Australia’s Catholic bishops have called for a special intake of 20,000 refugees from Afghanistan, saying the country has a “moral duty” to do more. As part of its election statement, the Australian Catholic Bishops Conference said the country had an obligation to take more refugees from Afghanistan because of the support shown to Australian military forces.
“The situation in Afghanistan demands a special intake of at least 20,000 additional places,” the statement says.
“We have a moral duty towards those who supported Australian military forces as interpreters or in other capacities.”
The statement also calls for a special intake of Ukrainian refugees, saying they require “similar mercy”.
“Refugees and asylum-seekers fleeing persecution, violence or life-threatening poverty, and people who have been displaced by climate change, are our sisters and brothers.”
The bishops called for a wider reassessment of refugee policies, saying the people fleeing violence or persecution have a “moral claim on our assistance, whether they fit legal definitions of a refugee or not”.
“We need a just, humane and timely system for assessing claims for asylum.”
The NSW Jewish Board of Deputies backed the call for a special intake, with its CEO, Darren Bark, and the Executive Council of Australian Jewry co-CEO, Peter Wertheim, saying they “wholeheartedly agree”.
“We commend the Australian Catholic Bishops Conference for its powerful statement that ‘we are one human family’, and wholeheartedly agree that anyone fleeing persecution and physical danger deserves immediate assistance.”
The Australian National Imams Council has backed the call for a greater intake of asylum seekers from Afghanistan.
Spokesperson Ibrahim Dadoun told the Guardian the council agreed that Australia had a “moral duty” towards Afghan asylum seekers.
“In return, the Australian government should not only provide more spaces for refugees, but to also support Afghans through humanitarian or medical aid.”
Dadoun said the imams council also supported a broader increase in the humanitarian intake program.
“Australia is a very large nation, and I’m sure we can easily absorb more asylum seekers very quickly. Just as we saw in Europe, where many countries absorbed the large influx of Ukrainian refugees, we can also do the same. It’s not far-fetched.”
The Morrison government has increased its allocation of humanitarian places for Afghan nationals to 16,500 over the next four years.
The announcement came as part of the federal budget in March, with officials confirming the intake was on top of the 13,750 “ceiling” for the annual humanitarian program.
At the time, the immigration minister, Alex Hawke, said the move was in “recognition” of Australia’s two decades of operations in Afghanistan.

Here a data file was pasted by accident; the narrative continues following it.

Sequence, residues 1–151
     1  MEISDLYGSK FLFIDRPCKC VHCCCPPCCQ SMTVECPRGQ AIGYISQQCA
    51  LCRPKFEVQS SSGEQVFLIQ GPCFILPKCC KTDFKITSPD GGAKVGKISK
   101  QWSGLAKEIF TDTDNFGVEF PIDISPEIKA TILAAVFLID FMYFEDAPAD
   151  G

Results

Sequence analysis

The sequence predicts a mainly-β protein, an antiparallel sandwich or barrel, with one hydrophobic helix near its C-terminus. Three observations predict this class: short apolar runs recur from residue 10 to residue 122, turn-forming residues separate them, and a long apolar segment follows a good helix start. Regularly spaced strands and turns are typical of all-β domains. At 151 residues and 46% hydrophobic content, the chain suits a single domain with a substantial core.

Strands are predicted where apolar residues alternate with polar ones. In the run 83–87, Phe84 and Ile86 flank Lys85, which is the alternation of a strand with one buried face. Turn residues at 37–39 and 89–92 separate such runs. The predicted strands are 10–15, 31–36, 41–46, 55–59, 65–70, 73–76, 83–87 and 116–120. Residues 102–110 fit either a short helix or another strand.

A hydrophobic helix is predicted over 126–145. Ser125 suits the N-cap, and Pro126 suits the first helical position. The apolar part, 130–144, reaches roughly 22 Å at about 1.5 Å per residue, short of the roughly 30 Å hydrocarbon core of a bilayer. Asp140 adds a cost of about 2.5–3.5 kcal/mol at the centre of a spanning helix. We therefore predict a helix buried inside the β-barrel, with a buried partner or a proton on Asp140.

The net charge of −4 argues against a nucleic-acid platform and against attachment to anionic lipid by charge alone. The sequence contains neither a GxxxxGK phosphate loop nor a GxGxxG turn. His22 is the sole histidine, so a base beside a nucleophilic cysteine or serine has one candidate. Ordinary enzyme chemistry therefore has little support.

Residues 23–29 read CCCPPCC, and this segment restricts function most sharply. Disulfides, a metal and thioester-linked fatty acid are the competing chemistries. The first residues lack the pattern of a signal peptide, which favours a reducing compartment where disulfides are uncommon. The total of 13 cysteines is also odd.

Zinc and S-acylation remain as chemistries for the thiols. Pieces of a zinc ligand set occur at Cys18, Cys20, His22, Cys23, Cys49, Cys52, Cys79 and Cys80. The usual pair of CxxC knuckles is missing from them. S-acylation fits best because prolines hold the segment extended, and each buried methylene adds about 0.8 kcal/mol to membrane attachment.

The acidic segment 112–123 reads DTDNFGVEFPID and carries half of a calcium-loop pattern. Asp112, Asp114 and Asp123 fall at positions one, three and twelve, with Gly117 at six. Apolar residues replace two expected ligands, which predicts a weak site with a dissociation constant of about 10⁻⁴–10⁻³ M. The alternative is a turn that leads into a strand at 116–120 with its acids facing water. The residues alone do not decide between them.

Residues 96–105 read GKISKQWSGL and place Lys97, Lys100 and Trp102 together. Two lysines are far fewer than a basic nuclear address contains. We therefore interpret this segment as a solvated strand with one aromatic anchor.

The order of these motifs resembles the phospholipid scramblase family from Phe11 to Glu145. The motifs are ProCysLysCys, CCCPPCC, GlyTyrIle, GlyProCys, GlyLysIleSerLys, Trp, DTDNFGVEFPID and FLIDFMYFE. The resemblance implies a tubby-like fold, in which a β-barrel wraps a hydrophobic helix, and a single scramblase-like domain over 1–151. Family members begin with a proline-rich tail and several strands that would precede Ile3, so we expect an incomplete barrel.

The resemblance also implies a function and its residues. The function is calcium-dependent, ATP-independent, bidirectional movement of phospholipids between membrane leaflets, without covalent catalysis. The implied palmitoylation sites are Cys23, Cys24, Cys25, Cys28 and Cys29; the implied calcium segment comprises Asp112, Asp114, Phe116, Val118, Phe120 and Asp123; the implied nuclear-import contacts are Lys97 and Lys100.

Hawke said the total number of places available to Afghan nationals had increased to 31,500 over the next four years, which also included the 10,000 places already pledged within the existing humanitarian program, and the 5,000 previously announced places in the permanent stream, such as for family members.
But the Australian Catholic Bishops Conference insists a special intake is a necessary reflection of Australia’s investment in Afghanistan.
The election statement also calls for religious freedom laws that would allow faith groups the freedom to run schools, social welfare, hospitals and aged care facilities “on the basis of their faith-inspired mission”.
“It is essential for the wellbeing of our society for Australians of all religious faiths, or none, to have the religious freedom to practise their beliefs,” it says.
It comes after Scott Morrison stopped short of recommitting to the religious discrimination bill last week, after the government shelved the bill in February.
The bishops call for “commonsense protections” for religious groups that wouldn’t “privilege the rights of people of faith in Australia above the rights of other Australians”.
“We call only for the same level of protections against discrimination on the basis of religion that Australia already has on the basis of race, sex or age.”
Among a host of other issues, the bishops also call for a rise in jobseeker payments, an endorsement of the Uluru Statement from the Heart, and a wage rise for aged care workers.
The statement does not throw its support behind any party, with group president, Archbishop Mark Coleridge, saying none of the parties embodied “Catholic social teaching”.
“The bishops are, however, offering an election statement to encourage Catholics and people of goodwill to reflect on the good they can do for their community by using their vote for the good of all,” he said.